Thus, for example, if the register is 64 bits but the multiplicand if 32, then there are 32 zeroes after all the ones that indicate minus 1. All of those zeroes actually indicate a power of 2 when viewed as the number that is actually being multiplied so the multiplier times minus 1 but with all the zeroes in the multiplicand bit locations present is effectively minus 1 times the multiplier times 2 to the power equal to the number of bits in the multiplicand.
|a (48-63)|b (32-47)|c(16-31)|d(0-15| multiplicand times |e(16-31)|f(0-15| multiplier
If the multiplicand is 32 bits, then byte locations a and b are considered to be zero for calculation purposes, but if the multiplicand is negative, then they should be all ones to be an accurate representation of the number. The multiplication begins with a and b considered all zero to avoid the time consuming sign extension of filling a and b with all ones. Thus, the error amount of this calculation with a negative multiplicand of 32 bits can viewed as e and f times a and b with a and b in the all ones condition, the condition necessary to make the number negative. That is, after the e and f times c and d calculation, the missing term is e and f times a and b. Thus, this e and f times a and b can be viewed as a partial product. This partial product analogy is valid if c and d are considered all zeroes. Thus, a and b in the all ones condition represent minus 1 and c and d represent 32 powers of 2. Thus, this partial product is minus e and f (the multiplier) times 2 to the 32nd, 32 being the number of bits of the multiplicand.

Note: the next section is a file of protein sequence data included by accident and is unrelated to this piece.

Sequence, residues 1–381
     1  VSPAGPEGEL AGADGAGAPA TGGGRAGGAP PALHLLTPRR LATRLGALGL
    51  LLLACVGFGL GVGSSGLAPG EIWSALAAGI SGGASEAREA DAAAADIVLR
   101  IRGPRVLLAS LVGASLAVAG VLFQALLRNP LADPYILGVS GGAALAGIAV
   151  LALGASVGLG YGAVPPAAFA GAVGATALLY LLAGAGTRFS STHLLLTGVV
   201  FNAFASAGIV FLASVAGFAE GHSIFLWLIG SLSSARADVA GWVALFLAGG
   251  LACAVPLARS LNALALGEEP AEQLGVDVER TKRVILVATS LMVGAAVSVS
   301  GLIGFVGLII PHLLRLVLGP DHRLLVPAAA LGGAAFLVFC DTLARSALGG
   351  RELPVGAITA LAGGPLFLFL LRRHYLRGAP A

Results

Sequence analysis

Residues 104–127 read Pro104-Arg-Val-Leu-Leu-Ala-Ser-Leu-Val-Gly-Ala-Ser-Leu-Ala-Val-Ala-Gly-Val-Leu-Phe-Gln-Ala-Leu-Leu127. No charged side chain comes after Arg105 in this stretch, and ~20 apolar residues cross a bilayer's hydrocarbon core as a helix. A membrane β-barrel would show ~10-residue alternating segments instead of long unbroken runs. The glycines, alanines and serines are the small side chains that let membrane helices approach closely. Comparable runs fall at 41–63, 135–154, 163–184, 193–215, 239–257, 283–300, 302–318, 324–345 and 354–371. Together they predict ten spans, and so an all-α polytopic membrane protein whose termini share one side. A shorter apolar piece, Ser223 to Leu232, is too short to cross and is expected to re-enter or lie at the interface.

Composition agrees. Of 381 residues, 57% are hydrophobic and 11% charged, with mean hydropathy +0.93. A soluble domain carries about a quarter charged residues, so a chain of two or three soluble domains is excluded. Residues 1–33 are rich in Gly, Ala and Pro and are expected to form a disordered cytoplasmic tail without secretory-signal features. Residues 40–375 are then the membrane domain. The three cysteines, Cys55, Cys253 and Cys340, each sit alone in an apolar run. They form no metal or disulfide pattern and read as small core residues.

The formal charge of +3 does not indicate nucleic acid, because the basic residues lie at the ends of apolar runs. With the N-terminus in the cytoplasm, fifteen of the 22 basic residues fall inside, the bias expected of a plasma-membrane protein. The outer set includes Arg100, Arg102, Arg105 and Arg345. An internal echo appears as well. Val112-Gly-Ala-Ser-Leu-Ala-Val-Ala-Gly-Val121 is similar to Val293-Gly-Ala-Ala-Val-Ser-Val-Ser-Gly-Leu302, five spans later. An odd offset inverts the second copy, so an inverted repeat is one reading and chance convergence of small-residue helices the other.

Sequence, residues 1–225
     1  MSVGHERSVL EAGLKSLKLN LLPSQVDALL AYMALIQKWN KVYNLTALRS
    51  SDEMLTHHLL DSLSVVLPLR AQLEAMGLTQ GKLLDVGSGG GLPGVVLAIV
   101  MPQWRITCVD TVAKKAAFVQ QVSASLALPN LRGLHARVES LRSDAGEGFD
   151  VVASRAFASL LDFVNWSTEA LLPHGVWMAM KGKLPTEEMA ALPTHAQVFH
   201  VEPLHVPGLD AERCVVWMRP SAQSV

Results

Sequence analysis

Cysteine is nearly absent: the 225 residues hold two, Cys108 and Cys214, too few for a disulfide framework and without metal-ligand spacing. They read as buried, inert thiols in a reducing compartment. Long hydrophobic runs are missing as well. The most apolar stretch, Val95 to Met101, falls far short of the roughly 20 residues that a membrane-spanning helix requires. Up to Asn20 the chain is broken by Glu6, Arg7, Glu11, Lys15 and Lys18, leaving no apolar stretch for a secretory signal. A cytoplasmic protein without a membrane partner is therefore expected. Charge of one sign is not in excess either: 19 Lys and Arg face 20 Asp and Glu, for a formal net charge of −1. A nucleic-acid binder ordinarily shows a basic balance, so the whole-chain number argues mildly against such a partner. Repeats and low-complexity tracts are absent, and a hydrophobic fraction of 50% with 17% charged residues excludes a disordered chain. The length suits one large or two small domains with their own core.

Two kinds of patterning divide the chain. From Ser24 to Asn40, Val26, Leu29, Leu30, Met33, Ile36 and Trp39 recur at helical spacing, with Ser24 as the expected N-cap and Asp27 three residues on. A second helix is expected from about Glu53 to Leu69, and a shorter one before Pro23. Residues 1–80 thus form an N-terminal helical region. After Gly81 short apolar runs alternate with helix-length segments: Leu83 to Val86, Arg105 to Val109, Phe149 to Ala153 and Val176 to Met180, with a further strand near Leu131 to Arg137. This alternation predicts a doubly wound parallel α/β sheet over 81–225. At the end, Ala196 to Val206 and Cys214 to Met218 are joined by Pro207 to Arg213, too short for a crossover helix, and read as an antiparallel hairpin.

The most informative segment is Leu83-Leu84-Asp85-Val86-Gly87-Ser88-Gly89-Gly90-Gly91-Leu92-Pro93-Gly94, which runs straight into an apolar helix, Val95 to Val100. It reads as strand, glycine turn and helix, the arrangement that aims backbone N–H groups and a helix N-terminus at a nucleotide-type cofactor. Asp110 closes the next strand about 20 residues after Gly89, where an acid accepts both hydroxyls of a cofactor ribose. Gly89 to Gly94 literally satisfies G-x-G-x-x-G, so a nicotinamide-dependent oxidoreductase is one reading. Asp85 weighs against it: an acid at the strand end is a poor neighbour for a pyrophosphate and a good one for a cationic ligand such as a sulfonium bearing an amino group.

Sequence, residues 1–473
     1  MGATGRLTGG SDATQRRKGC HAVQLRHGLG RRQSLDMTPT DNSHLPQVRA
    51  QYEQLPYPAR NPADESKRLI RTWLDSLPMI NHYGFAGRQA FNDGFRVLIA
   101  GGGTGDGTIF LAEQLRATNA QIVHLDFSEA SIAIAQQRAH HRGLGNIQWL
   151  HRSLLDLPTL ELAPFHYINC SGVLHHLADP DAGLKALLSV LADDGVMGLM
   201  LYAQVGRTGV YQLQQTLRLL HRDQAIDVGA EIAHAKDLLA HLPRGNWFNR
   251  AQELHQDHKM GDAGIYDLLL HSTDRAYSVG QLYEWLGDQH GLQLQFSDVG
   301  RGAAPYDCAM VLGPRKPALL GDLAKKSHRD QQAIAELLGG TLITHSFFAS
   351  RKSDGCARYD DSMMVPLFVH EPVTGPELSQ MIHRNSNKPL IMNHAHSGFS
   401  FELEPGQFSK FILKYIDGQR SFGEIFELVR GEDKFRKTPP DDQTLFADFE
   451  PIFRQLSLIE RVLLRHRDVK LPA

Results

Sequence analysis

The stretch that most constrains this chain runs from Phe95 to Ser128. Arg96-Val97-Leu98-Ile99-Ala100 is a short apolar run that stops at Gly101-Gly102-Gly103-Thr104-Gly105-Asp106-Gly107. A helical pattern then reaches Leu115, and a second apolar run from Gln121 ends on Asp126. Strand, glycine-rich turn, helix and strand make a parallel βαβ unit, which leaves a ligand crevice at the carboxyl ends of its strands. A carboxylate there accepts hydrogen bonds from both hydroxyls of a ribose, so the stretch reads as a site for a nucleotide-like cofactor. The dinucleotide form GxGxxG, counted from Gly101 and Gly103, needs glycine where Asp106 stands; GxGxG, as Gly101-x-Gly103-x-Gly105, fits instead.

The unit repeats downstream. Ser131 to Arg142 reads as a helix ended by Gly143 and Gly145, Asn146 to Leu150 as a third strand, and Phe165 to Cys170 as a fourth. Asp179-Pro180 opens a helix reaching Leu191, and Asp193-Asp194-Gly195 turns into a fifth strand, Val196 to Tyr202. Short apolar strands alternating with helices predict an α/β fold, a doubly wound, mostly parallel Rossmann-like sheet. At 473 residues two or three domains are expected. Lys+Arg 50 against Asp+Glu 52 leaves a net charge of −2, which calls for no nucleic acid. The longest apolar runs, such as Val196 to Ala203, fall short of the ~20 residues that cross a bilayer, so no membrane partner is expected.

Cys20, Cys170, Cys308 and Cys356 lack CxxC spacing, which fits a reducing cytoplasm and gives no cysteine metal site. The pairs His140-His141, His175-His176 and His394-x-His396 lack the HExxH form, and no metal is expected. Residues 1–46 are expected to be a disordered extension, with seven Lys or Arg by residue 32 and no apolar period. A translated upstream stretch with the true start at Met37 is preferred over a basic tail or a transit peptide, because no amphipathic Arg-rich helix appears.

Because this is equivalent to a partial product, it can be added to the partial products being calculated as part of the carry/save operation. Thus with the sign extension adjustment term, for the case when the multiplicand is negative, being in the form of a partial product, it can be conveniently added as part of the process shown in step 22.
There may be other techniques for achieving the desired integration with the partial products of step 22 with the sign extension adjustment as well. It may be possible to provide simply the minus B (minus of the multiplier) as an inversion of B, appending ones equal to the number of bits of the multiplicand, and then having the 1 added to it to achieve the desired sign extension adjustment term. The added 1 may be achieved by loading a 1 into a bit location of a partial product which is always a zero. For example, there may be an unused location in one of the partial products provided in step 22 where a zero is always present. It is this location that can be loaded with a 1 and thus have the affect of adding a 1 to the inversion of B plus appended ones.
After the method step 22, which utilizes the sign extension adjustment term, then the final step is to compress the sum and carry terms to a final product as shown in method 24 and then that is the end of the multiplication process as shown as the end 26 in FIG. 1.
Shown in FIG. 3 is a multiplier 42 comprising a register A 43, a register B 45, a modified Booth's recorder and multiplexers 47, an X to 2 carry/save adder 49, an X to 2 carry/save adder 51, a Y to 2 carry/save adder 53, a two's complement formation and append zeroes block 57, and a carry/look ahead adder 59. Register A 43 receives the multiplicand, and register B 45 receives the multiplier. The operation commences with modified Booth's recoder and multiplexers 47 beginning the multiplication process on the multiplicand in register A 43 and the multiplier in register B 45 as these multipliers and multiplicands are received. Thus there is no adjustment to the entry in register A 43 even if it is a negative number.